the pillars over the main cntranco upon
tho second floor balcony. Tho corres
ponding space upon tho first floor vor
anda Is similarly draped with two Ha
waiian Hags. Between theso superim
posed portieres, upon the balcony rail
ing, nro tho Initlnls U. S. A., respective
ly In red, white nnd blue lamps. At
nightfall as successive buttons nre
touched they will (lore out In gleaming
llyht one niter nnothcr, finally glowing
all together to signify that Hawaii has
como under tho Union label of protec
tion forever against foes within and
without. Lato yesterday afternoon n
mammoth shield bearing n presenti
ment of the American eagle was added
to tho decorations of the main facade
Strings of lamps In tho national colors
extend on either sldo of the driveway
from tho steps of the front cntrnncc to
tho King street gates.
There has ncvor been a prettier
scheme of decoration thnn that upon
tho three platforms over and on either
sldo of the Btcps lending up to tho main
cntrnnce. Its details consist ot shields
bearing tho American and Hawaiian
flag designs, proper flags of Nation nnd
Territory draped, stars and stripes
bunting, seml-rosettes nnd flvo-polnted
stars. Similar designs aro placed nlong
tho balcony and veranda railings, but
sparsely so as not to oblltcrato archi
tectural fpnftirnn Tlin tnut nnanml.Tn
of the exterior decorations has color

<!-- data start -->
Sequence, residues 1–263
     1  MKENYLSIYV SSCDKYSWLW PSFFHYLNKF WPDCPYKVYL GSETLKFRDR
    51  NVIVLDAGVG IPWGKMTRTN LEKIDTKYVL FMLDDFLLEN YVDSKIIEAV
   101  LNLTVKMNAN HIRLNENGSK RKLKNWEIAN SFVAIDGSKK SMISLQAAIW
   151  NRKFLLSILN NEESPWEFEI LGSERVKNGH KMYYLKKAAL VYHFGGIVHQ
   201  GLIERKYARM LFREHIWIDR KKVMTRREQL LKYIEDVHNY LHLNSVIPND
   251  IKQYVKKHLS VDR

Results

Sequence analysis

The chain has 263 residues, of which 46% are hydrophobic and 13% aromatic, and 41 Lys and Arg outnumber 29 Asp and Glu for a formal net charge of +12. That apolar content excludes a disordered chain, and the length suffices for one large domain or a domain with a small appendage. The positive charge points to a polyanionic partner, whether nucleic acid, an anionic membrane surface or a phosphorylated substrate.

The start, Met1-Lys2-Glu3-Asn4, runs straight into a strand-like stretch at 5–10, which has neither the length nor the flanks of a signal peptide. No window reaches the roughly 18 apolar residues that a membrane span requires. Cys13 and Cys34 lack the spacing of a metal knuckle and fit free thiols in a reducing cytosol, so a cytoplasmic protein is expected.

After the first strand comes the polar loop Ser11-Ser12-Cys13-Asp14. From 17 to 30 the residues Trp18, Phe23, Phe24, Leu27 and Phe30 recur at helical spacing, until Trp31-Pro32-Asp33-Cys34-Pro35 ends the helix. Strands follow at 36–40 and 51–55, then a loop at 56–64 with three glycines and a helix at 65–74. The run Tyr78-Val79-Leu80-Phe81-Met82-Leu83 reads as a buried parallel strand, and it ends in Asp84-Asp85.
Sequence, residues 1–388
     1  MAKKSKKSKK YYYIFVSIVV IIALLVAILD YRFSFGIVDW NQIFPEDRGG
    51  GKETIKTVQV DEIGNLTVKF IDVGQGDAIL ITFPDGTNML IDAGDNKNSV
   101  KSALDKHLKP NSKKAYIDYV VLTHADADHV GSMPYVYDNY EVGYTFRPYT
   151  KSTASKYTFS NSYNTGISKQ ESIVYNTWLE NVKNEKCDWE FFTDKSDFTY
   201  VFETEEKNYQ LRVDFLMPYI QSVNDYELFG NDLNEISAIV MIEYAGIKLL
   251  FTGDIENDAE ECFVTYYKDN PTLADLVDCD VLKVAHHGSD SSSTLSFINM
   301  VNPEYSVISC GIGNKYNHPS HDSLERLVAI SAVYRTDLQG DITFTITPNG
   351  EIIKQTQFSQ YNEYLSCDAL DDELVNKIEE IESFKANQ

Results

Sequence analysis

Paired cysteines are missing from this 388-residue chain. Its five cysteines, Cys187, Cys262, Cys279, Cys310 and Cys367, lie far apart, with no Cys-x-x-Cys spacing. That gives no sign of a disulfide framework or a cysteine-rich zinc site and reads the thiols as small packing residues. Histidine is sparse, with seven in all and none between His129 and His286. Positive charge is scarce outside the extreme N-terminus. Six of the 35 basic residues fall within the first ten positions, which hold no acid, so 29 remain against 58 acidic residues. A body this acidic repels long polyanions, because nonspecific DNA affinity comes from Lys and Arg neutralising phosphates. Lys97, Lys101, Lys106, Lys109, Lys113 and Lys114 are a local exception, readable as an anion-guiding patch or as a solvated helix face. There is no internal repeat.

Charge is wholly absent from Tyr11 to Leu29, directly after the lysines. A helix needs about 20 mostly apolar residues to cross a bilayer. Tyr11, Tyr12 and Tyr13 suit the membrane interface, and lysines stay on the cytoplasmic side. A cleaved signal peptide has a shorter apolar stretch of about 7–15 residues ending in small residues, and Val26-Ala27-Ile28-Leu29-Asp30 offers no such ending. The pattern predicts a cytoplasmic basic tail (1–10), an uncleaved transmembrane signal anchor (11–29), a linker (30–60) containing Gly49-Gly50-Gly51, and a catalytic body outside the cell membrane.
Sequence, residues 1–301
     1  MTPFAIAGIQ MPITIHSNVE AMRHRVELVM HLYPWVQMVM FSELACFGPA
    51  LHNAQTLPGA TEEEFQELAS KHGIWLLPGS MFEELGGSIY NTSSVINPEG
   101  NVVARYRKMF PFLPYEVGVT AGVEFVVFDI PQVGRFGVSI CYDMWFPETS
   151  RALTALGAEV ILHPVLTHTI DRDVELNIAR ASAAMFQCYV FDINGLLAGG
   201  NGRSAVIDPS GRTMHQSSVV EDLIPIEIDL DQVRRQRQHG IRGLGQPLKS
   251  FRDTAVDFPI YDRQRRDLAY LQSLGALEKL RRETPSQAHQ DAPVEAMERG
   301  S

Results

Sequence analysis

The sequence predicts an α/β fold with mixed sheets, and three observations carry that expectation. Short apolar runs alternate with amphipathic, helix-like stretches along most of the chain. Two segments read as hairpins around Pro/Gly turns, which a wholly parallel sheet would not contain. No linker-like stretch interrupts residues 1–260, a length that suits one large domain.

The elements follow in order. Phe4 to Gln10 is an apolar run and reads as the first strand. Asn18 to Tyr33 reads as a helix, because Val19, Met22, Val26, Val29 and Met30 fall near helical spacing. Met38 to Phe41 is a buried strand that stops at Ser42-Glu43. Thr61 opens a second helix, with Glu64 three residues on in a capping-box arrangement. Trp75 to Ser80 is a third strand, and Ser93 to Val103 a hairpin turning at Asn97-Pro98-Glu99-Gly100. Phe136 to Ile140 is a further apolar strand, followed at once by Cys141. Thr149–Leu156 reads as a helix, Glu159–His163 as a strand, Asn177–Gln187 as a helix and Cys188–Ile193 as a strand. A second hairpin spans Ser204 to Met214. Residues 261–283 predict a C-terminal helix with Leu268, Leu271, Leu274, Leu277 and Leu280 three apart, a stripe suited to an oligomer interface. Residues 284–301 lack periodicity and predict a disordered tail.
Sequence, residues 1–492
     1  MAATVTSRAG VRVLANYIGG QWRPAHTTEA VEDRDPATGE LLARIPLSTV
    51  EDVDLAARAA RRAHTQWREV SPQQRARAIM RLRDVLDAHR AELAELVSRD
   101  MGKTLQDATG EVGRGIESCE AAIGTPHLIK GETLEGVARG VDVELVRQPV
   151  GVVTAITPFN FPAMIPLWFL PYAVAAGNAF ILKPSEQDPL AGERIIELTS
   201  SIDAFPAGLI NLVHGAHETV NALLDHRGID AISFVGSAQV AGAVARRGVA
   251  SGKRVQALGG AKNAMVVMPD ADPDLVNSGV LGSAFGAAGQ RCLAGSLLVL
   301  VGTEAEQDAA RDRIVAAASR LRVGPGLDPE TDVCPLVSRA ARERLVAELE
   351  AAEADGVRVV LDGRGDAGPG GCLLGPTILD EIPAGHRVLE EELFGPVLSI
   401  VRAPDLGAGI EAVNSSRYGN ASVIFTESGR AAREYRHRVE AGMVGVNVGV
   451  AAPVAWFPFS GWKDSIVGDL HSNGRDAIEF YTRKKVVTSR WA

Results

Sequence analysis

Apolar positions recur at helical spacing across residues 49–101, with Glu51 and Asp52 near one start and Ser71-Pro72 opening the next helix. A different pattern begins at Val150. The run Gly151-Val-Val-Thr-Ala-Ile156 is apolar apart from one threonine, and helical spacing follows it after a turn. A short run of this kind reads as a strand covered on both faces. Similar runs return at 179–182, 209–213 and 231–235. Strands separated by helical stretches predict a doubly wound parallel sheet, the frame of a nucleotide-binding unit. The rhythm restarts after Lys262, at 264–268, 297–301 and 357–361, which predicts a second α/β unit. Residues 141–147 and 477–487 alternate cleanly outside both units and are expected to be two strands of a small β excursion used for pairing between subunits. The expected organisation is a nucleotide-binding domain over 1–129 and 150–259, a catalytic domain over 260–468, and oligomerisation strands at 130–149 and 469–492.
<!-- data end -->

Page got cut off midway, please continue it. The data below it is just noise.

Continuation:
and symmetry both about right, agrec
ablo to tasteful comprehension nnd
ylcldlnc nn effect for dnv or nlcht tnilv
Patriotic Tropical llower.
Within, tho grand hallway Is lined
on both Bides with potted palms. Ths
old throne room, adorned for tho morn
ing nnd evening reception by Governor
Dole, wears tho veritable aspect of a
conservatory. Malic vines aio hung In
profusion upon tho great mirrors, but
leaving enough ot the surfaces un
covered to reflect the Interior of the
august and historic apartment. The
dais that was formerly occupied by tho
regal thrones exhibits a luxuriant
mound of greenery. There Is no stand
ing room left upon It for rank and tho
Inference whether Intended or not, is
thus created that hero today the sover
eign peoplo arc to recognize no plane
superior to their own standing ground.
Tho crystal chandeliers aro bung with
vines Interspersed with silken ribbons
ot red, white and blue Opposite tbo
second door from tho hall and halfway
across tho reception chamber is a
pyramid of ferns wit hsubstructuro of
arches. It has tho appearanca ot a
rockery nnd fountain combined, and
has small American and Hawaiian
flogs planted In its apex. Bouquets ot
red, whito nnd blue flowers relieve the
greenery at tho bases of mirrors nnd
Geo. W. It. King wns tho supervis
ing decorntlvo artist. A bevy of ladles
consisting of Mrs. R. Weir, Mrs. G. W.
R. King, Mrs. D. Logan, Mrs. Chas. F.
Herrlck nnd Miss Nellie McLaln con
stituted the talent for construction nnd
arrangement of details.
Gent's HermBdorf dye black box su
perior quality, two pairs for 'J5 cents,
at L. B. Kerr & Co.'s, Quecu street for
ono week only; don't fall to see them.
11th OF JUNE.
Hawaiian nnd American lings can be
gotten In twakaml's store, Hotel street.
For fine full dress shirts at 11.00 bach
L. B. Kerr & Co., Queen street. Thete
shirts are strictly high grade as to i
and quality. "
THE WATERMAN IDEAL FOUN
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A LARGE SHIPMENT OF
.... Just opened by the
Manufacturers' Shoe Co
Our stock l now replete with good fiti,
good style and good wear.
If you cannot come In with vour
children, end them In and thev will rr'
celve just the same care and attention,
and their eet will be just as carefully
fitted, as If you were with them.
We'll fit the foot If you'll fort thr
bill, nnd promise you that both will to